The cost of living in Kenya is driving many individuals to rely on short-term mobile loans to meet their needs, as evidenced by a 30.7% increase in borrowings from Safaricom’s overdraft service, Fuliza, in the six months to June 2022.
According to data released by the mobile network operator, the amount of cash disbursed on Fuliza hit Sh288 billion in the first half of 2022, up from Sh220.38 billion in the same period last year. This represents a consistent rise from Sh176 billion in a similar period in 2020.
The jump in overdrafts translates to a daily borrowing of Sh1.57 billion between January and June this year, compared to Sh1.2 billion and Sh972.3 million over a similar period in 2021 and 2020 respectively.
The overdraft service, which was introduced in 2019 and is underwritten by NCBA Group and KCB Group, allows customers to meet essential needs such as shopping, rent, sending money to friends and family, or paying for goods and services on the mobile money service, M-Pesa.
This rise in borrowing on Fuliza comes amid an increase in prices of goods and services, with inflation in Kenya reaching a 61-month high of 8.3% in July 2022, driven by soaring food and fuel prices.
NCBA Group CEO, Mr. John Gachora, attributes the jump in disbursements through Fuliza to a pullback from the digital loan platform, M-shwari, which recorded a 6% drop in loans borrowed over the same period. M-shwari disbursed Sh42 billion compared to Sh44.8 billion worth of loans disbursed over the same period in 2021.
“The growth on Fuliza tells us it’s not just new customers but also customers that use M-shwari opting to use easier credit available in Fuliza,” said Mr. Gachora. “A year and a half ago we noted that we had reached the maturity of M-shwari and indeed what we have seen in terms of disbursement is that this year we are six percent below where we were last year. This is just the maturity of the product and these are the numbers we could see after the organic of M-shwari. Part of that reduction may be because more people are opting to use Fuliza as opposed to M-shwari.”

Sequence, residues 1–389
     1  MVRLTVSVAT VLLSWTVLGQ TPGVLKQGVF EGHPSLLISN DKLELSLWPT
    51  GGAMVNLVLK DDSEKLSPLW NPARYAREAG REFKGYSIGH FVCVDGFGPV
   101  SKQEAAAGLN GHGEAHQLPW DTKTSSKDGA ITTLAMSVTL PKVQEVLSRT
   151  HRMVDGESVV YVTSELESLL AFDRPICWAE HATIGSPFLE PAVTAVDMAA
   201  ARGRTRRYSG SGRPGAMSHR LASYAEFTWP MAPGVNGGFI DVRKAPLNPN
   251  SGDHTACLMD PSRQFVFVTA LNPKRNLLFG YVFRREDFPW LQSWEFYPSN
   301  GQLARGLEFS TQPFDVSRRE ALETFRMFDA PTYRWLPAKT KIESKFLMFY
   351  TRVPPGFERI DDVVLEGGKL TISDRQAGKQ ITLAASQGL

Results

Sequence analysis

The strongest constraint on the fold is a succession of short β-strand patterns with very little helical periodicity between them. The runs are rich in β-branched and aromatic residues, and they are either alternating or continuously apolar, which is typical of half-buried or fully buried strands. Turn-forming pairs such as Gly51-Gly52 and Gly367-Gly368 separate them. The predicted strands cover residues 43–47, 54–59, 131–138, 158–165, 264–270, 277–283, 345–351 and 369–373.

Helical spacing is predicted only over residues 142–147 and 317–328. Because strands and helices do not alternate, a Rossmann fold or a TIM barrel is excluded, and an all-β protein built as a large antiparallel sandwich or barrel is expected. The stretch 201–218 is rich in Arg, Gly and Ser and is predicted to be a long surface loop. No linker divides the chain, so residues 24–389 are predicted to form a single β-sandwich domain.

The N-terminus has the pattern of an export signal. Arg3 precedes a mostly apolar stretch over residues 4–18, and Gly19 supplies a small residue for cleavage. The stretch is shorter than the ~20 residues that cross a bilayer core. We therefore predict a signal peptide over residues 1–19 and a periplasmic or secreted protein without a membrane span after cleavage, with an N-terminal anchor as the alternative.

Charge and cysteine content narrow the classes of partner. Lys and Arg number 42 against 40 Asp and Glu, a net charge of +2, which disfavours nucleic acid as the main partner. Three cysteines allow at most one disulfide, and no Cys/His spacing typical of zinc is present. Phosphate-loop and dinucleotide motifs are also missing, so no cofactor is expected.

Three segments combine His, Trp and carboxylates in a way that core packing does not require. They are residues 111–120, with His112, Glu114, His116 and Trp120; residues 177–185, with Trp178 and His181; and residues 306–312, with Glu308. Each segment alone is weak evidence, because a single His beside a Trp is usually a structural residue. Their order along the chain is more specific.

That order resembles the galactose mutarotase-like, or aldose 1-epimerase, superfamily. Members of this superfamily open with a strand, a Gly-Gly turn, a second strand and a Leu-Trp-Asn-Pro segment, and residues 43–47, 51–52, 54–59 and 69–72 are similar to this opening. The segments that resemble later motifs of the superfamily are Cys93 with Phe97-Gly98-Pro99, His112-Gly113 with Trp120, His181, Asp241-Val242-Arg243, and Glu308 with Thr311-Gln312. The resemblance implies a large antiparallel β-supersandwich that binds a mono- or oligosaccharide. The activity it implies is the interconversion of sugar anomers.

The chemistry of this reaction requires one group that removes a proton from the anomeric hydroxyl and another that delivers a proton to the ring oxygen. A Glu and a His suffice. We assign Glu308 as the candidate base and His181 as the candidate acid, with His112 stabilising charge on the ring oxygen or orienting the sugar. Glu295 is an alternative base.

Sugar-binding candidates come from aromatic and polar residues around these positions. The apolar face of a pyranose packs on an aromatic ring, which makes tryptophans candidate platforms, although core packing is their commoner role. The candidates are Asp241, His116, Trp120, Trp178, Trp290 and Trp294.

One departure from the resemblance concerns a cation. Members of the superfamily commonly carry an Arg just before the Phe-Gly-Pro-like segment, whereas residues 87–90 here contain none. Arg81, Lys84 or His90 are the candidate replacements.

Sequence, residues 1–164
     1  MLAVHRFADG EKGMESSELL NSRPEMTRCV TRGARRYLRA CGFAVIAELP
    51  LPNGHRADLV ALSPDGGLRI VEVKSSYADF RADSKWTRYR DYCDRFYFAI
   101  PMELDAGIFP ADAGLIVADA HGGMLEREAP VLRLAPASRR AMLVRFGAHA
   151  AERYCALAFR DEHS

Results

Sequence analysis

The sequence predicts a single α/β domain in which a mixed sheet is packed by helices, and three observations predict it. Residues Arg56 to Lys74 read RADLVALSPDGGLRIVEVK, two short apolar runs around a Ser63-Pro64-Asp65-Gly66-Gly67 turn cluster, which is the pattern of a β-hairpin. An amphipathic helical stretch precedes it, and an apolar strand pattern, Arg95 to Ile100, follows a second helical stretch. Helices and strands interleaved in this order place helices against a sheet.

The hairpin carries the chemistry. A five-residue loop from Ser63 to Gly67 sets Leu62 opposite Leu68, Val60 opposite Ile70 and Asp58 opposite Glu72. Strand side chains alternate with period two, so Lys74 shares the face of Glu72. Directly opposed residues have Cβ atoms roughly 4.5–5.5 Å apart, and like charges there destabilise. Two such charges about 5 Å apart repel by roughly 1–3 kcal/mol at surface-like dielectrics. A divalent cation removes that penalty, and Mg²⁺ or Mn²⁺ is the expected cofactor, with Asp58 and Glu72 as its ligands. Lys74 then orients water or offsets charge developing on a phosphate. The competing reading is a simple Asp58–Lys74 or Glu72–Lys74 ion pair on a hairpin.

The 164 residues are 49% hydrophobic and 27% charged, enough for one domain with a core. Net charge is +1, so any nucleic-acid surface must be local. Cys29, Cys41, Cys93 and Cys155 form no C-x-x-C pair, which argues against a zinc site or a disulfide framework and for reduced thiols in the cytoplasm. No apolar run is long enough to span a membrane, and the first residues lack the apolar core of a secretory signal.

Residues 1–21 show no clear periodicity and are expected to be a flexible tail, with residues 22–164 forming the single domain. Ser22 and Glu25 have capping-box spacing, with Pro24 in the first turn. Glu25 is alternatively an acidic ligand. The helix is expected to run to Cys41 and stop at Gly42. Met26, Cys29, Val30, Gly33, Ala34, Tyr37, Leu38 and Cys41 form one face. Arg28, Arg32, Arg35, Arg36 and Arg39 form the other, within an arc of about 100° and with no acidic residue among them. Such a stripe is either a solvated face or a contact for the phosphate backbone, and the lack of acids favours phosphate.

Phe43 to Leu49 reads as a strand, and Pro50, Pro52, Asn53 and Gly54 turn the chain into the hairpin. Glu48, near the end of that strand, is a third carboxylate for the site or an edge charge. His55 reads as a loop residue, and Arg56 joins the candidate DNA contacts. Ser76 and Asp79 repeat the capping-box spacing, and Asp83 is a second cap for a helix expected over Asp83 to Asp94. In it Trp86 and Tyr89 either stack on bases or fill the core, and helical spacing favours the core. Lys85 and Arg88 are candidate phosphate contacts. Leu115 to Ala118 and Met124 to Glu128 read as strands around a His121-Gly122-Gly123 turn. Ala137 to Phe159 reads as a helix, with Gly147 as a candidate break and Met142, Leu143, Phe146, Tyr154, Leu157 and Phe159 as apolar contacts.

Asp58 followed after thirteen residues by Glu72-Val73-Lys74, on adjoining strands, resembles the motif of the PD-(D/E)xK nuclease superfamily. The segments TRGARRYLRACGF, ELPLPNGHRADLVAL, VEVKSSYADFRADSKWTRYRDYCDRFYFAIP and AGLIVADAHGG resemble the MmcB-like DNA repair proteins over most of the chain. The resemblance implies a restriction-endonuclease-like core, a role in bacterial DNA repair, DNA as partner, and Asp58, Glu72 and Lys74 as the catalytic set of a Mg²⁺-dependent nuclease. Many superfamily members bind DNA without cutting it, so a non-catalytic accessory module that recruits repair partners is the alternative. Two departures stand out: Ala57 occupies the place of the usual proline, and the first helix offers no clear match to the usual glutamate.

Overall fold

The increase in borrowing on Fuliza can also be attributed to the impact of the COVID-19 pandemic, which led to massive job losses and affected household incomes. Although the pandemic’s impact has reduced, high inflation from the global impact of fuel price jump and the Russia and Ukraine war has been weighing down the economy and businesses that were just recovering from the pandemic.
“We have provided an enabling environment for businesses to continue to thrive by increasing our product portfolio and tailoring solutions to suit every customer’s needs, especially during this period which experienced challenges from the Russia-Ukraine war and risks emanating from the political calendar. Through our digital banking partnerships, we continue to provide much-needed financial relief to many families and small businesses,” added Mr. Gachora.
In total, loans disbursed through Fuliza and M-shwari at Sh320 billion represent 94.4% of the total Sh339 billion disbursed through all its digital products including Mpawa, Mokash, and Momokash in regional markets.
In conclusion, the high cost of living in Kenya has led to a significant increase in borrowings on Fuliza, Safaricom’s overdraft service. This trend can be attributed to the increase in prices of goods and services